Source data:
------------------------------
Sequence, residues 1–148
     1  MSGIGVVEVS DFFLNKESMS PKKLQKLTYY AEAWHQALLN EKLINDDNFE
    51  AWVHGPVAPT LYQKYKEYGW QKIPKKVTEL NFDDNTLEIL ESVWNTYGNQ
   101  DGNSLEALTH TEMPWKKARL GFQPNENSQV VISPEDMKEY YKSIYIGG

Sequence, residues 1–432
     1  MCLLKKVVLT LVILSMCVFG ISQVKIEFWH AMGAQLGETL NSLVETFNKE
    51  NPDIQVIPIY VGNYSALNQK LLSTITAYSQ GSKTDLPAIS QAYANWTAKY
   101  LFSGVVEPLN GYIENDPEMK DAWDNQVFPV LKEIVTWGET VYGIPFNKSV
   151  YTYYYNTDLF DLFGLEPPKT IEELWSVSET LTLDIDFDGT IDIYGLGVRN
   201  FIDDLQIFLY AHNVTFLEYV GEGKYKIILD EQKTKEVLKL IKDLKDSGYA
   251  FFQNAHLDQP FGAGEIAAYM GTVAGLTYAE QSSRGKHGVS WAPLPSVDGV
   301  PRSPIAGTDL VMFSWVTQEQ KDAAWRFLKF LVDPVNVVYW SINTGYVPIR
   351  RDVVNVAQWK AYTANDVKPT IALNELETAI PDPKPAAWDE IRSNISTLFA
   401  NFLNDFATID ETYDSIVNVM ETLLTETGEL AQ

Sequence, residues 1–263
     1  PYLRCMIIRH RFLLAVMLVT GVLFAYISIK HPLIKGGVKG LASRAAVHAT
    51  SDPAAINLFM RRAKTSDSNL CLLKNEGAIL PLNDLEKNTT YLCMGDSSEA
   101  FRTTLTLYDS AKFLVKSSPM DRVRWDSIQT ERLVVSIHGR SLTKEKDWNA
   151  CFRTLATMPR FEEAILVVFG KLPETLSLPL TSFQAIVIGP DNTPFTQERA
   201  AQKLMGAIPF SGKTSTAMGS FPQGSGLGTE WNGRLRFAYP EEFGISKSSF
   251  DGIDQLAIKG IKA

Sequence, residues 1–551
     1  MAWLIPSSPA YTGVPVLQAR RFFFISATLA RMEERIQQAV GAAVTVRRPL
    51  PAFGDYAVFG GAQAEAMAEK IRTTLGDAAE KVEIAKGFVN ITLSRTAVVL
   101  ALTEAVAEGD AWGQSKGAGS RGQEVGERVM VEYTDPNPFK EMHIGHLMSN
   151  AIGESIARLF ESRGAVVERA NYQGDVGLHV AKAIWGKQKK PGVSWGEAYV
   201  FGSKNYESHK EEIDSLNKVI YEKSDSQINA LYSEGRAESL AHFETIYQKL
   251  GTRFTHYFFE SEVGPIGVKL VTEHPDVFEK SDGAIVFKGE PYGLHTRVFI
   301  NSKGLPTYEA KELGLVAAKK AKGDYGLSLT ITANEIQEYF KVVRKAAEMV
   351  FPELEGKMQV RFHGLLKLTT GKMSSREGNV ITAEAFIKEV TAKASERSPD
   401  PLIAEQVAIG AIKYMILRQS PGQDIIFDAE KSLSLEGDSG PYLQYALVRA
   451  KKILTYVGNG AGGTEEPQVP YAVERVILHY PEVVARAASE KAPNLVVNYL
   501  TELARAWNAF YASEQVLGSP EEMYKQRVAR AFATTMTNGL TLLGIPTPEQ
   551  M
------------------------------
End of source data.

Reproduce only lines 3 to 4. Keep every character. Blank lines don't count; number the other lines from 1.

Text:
    51  AWVHGPVAPT LYQKYKEYGW QKIPKKVTEL NFDDNTLEIL ESVWNTYGNQ
   101  DGNSLEALTH TEMPWKKARL GFQPNENSQV VISPEDMKEY YKSIYIGG